Not only does this get them up and out of their seats, it’s a chance to compete with their classmates, show off their individual skills, interact with each other, and experience big “ah-ha!” moments and wins.
Sure, good grades are nice, but defusing an imaginary bomb with only seconds left on the clock is so much more satisfying!
Like all downloadable teachers resources, a DIY Escape Room Kit saves you time (so you can keep your sanity). Trust me, making an escape room from scratch is at least 3 weekends of work, even when you have a goblin horde at your disposal...
The best kits for classrooms will allow you to:
Create a narrative in which clues and puzzles require students to use the parallels you want them to learn or recount. Then add the magic - make it fun!
Here are a few more examples, along with academic subjects that might be a good fit.
Once you have an idea for your game, come up with a series of clues and puzzles that will lead students toward the objective. Here's a big list of cheap-to-make escape room puzzles to get you started.
You can design puzzles to bring out specific escape game benefits, such as critical thinking or teamwork. Alternatively, just grab whatever puzzles are most fun!
You can write your clues on index cards or print them out (you can buy perforated “postcard” paper at most office supply stores) and laminate them. Or you can get really creative and make “clue props” from thrift-store buys or various types of printed paper (distressed parchment, vintage newsprint, graph paper, etc.).
Set up your game so students must answer the questions or solve the problems on each card in order to move on to the next step. You can add to the excitement by locking clues in padlocked boxes, hiding them in books, or requiring students to decode them using cipher keys, using digital locks like this, or even just a traditional key and a locked door.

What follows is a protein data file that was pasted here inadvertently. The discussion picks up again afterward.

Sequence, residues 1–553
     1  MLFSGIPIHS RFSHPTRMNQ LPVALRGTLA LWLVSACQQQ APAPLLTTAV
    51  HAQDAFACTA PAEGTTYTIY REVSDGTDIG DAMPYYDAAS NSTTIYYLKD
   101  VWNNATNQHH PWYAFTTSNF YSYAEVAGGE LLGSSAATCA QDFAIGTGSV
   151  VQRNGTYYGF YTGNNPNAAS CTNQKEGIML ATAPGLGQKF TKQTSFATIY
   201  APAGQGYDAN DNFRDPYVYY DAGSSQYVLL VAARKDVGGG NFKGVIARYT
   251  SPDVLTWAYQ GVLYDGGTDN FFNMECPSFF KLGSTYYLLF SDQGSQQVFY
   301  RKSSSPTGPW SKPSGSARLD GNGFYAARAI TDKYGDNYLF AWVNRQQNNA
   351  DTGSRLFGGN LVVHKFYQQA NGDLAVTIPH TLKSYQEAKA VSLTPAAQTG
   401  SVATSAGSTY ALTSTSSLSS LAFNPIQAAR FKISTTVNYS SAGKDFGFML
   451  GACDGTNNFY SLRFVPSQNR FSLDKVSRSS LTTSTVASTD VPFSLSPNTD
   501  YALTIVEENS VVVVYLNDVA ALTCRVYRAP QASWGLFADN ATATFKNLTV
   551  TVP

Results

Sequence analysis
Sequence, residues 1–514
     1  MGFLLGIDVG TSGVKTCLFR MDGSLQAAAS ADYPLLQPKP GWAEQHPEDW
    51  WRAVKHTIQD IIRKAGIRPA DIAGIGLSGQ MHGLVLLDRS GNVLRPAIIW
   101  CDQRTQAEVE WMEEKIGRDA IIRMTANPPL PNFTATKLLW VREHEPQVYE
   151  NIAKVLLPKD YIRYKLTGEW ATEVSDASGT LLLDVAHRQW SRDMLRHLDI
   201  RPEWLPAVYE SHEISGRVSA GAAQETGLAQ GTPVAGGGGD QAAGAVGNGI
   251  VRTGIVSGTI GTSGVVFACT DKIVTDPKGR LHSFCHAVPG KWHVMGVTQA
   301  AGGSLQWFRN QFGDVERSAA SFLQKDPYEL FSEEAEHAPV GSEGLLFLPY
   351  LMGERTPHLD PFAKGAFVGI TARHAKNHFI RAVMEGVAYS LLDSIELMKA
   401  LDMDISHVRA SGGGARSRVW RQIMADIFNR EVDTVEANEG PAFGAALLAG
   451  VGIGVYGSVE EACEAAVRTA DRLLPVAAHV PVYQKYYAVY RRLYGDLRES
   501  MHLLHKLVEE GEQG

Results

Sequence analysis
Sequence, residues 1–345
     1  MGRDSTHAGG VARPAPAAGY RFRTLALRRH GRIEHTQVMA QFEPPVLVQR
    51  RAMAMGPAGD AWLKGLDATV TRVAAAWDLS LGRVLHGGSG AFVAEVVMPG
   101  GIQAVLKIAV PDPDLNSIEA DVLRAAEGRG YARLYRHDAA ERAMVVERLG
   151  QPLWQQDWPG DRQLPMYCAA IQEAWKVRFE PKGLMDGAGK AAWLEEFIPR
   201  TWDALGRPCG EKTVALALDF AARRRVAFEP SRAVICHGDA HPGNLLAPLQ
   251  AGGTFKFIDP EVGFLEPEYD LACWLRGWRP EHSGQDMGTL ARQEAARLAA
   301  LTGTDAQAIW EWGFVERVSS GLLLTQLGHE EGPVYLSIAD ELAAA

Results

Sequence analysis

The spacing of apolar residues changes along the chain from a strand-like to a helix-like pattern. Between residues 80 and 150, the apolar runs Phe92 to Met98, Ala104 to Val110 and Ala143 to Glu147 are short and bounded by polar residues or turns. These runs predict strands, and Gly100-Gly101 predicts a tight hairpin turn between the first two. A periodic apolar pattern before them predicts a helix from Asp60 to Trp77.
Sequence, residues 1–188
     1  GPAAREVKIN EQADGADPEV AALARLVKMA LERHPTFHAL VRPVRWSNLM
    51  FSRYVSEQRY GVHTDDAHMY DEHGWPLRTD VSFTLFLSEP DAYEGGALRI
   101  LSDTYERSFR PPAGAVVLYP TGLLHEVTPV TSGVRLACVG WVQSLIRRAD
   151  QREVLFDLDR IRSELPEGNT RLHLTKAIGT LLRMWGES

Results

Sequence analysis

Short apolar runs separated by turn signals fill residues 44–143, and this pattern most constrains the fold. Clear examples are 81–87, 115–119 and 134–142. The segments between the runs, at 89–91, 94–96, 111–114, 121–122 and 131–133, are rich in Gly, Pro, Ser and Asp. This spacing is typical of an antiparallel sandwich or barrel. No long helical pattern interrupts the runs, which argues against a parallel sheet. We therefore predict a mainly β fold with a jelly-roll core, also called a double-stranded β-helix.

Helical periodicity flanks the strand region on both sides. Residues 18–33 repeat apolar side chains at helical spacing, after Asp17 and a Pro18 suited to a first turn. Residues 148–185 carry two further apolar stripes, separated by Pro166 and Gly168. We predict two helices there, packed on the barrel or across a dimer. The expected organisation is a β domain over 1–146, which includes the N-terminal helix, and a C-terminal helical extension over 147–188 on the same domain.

The more closely you can align these challenges to your subject matter and narrative, the more satisfying the overall game will be, but any multi-step puzzles that require teamwork and communication to solve will give students opportunities to practice valuable skills.
For a more detailed guide to creating your first game, check out this Blueprint for Crafting Your First Escape Room.
Keep in mind that, although this type of learning tool is based on escape games, the objective doesn’t necessarily have to be related to an actual escape. Any time-sensitive goal will do. (Handy tip: Zombies beating on the door will transform any goal into a time-sensitive one!)
If your subject area doesn’t immediately bring to mind a specific narrative, you might find some inspiration in this list of escape room themes.
This is the Escape Room Master Class. We've fully-loaded the activity pack with all the printable content you'll need to design an escape room game with your students.
These ready-to-go puzzles, templates, and props ignite kids creativity, in your most engaging lesson ever!
The High Wizards have gazed through our seeing-ball into every possible future. Our discovery? There are infinite ways you can design gameplay to enhance both entertainment value and educational outcomes. The more imaginative, the better!